The EU on Tuesday fined Asustek Computer Inc (華碩) for anti-competitive practices, but said the fine was reduced by 40 percent because the company cooperated with an investigation.
The EU announced that it was fining four companies, including Asustek, a combined 111 million euros (US$129.9 million) for imposing fixed or minimum resale prices on online retailers.
Asustek was fined 63.5 million euros, while Dutch-based Koninklijke Philips NV and Japan’s Pioneer Corp and Denon & Marantz were fined 29.8 million euros, 10.2 million euros and 7.7 million euros respectively.
The four had their fines reduced by 40 to 50 percent depending on their level of cooperation with the investigation, the EU said.
Asustek said it assigned a provision of 65 million euros in the first quarter to cover the anticipated fine from the EU.
The provision resulted in a nonoperating loss of NT$760 million (US$24.81 million) for Asustek in the first quarter, dragging first-quarter net profit to NT$2.38 billion, which was down 35 percent from a year earlier.
The company also said it would abide by EU rules when it markets and sells its products in member nations and would also strengthen employee training to avoid anti-competitive practices.
Asustek and the other three companies engaged in “fixed or minimum resale price maintenance,” in effect demanding that online retailers keep prices for their products above a certain level or face threats or sanctions, such as cutting off supply, the EU said.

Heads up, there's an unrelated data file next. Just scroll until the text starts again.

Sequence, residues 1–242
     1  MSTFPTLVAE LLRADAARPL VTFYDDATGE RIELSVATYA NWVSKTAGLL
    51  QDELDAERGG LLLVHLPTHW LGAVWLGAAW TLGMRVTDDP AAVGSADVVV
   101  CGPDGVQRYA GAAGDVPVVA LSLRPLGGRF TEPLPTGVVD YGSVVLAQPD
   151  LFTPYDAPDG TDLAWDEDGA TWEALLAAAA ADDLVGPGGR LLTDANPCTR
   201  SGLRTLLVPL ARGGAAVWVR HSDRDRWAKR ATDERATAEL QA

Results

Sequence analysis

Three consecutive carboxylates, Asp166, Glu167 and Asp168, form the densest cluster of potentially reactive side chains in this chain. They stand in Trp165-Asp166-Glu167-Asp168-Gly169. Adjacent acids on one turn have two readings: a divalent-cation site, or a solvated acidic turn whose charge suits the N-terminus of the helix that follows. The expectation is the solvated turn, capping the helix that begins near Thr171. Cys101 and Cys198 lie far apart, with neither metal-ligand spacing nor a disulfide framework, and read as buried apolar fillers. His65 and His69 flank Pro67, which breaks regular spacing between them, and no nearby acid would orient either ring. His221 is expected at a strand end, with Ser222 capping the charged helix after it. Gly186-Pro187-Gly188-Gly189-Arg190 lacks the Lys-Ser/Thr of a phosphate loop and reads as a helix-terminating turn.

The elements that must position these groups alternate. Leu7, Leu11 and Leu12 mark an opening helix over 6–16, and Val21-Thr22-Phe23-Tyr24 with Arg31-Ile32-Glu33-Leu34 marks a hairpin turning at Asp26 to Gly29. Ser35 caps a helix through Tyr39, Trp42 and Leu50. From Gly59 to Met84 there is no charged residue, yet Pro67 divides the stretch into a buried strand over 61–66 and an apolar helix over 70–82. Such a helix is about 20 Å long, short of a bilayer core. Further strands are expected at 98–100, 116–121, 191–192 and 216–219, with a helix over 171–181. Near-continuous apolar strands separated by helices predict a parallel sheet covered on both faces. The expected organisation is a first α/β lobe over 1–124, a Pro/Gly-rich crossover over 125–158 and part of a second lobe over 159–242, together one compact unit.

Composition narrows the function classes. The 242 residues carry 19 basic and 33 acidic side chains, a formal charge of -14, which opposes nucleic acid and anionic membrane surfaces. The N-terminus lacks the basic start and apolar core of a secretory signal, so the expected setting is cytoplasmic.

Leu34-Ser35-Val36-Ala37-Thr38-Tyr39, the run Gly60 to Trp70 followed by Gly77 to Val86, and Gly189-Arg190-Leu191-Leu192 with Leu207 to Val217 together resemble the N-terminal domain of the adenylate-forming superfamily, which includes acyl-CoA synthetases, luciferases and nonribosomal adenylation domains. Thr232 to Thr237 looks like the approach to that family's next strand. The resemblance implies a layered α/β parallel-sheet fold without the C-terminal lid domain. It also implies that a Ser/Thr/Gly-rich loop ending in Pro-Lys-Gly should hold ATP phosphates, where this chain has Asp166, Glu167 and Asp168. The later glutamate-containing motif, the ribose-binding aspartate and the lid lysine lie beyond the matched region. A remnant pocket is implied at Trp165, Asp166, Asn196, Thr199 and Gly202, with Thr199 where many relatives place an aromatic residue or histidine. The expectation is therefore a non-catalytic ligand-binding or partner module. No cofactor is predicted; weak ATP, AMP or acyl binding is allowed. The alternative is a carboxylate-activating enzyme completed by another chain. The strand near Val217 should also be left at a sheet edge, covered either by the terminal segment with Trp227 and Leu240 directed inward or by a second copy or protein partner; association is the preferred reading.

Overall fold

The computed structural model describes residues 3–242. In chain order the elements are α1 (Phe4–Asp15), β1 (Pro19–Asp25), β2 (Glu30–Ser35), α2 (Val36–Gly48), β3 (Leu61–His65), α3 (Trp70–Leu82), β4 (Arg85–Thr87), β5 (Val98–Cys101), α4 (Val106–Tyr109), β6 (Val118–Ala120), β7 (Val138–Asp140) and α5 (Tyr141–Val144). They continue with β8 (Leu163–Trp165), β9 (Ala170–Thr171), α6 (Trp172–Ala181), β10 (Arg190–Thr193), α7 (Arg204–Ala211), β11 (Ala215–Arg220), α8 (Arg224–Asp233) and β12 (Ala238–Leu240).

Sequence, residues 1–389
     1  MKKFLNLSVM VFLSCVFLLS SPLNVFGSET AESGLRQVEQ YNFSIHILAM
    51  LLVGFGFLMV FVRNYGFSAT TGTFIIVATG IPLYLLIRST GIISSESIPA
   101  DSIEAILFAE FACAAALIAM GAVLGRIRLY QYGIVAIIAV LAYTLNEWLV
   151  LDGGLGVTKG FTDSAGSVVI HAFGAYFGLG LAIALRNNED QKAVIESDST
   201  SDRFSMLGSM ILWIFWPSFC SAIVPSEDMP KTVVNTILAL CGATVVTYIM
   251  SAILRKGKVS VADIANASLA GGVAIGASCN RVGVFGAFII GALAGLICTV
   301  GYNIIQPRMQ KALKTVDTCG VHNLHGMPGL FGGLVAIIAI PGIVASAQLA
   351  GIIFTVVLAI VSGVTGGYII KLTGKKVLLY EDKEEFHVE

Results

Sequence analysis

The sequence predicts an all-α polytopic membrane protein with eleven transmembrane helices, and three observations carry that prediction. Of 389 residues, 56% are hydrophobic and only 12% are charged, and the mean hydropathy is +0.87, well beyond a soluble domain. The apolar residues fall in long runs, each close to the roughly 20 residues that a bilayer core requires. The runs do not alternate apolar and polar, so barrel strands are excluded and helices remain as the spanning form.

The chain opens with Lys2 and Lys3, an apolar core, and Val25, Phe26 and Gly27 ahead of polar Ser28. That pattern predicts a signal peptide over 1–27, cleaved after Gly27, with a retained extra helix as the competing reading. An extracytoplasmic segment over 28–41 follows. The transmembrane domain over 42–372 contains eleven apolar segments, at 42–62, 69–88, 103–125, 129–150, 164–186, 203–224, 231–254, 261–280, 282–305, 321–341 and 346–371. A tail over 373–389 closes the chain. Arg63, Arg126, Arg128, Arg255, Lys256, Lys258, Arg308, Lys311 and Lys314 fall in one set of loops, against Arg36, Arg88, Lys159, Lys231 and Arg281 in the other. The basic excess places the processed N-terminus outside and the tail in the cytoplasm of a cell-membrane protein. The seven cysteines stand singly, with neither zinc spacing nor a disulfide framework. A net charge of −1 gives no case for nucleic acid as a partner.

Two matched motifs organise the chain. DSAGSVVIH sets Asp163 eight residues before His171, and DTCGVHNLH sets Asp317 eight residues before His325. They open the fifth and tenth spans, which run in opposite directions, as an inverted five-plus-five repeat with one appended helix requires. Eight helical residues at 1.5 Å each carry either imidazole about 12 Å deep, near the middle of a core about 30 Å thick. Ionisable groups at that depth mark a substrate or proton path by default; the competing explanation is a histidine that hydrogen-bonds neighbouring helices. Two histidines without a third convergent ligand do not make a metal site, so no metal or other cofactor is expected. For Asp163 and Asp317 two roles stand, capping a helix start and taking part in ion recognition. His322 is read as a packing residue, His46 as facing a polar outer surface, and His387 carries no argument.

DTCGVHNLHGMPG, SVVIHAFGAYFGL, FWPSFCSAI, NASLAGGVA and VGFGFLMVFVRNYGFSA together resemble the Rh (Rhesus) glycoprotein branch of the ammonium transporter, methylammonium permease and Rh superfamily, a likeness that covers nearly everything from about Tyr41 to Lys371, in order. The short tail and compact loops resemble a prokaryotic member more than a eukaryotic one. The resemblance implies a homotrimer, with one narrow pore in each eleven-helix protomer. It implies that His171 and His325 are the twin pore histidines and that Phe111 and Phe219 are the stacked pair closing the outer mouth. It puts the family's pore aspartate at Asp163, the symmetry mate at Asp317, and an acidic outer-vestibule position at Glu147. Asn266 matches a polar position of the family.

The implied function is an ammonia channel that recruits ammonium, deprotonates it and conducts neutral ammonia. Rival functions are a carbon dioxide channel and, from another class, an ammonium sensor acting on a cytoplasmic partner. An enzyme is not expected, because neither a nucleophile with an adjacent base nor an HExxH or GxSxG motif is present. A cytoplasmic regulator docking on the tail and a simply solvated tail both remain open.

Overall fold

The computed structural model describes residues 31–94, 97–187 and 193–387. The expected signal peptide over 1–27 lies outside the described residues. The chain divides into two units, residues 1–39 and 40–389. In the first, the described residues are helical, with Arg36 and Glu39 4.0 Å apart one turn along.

Asustek intervened with retailers in Germany and France from 2011 to 2014, when they resold products at prices less than those recommended by Asustek, the EU said.
As online retailers use pricing algorithms that automatically adapt retail prices to those of competitors, restrictions on low-price online retailers “typically had a broader impact on overall online prices for consumer electronics products,” the EU said.
“As a result of the actions taken by these four companies, millions of European consumers faced higher prices for kitchen appliances, hair dryers, notebook computers, headphones and many other products. This is illegal under EU anti-trust rules,” European Commissioner for Competition Margrethe Vestager said in a statement.
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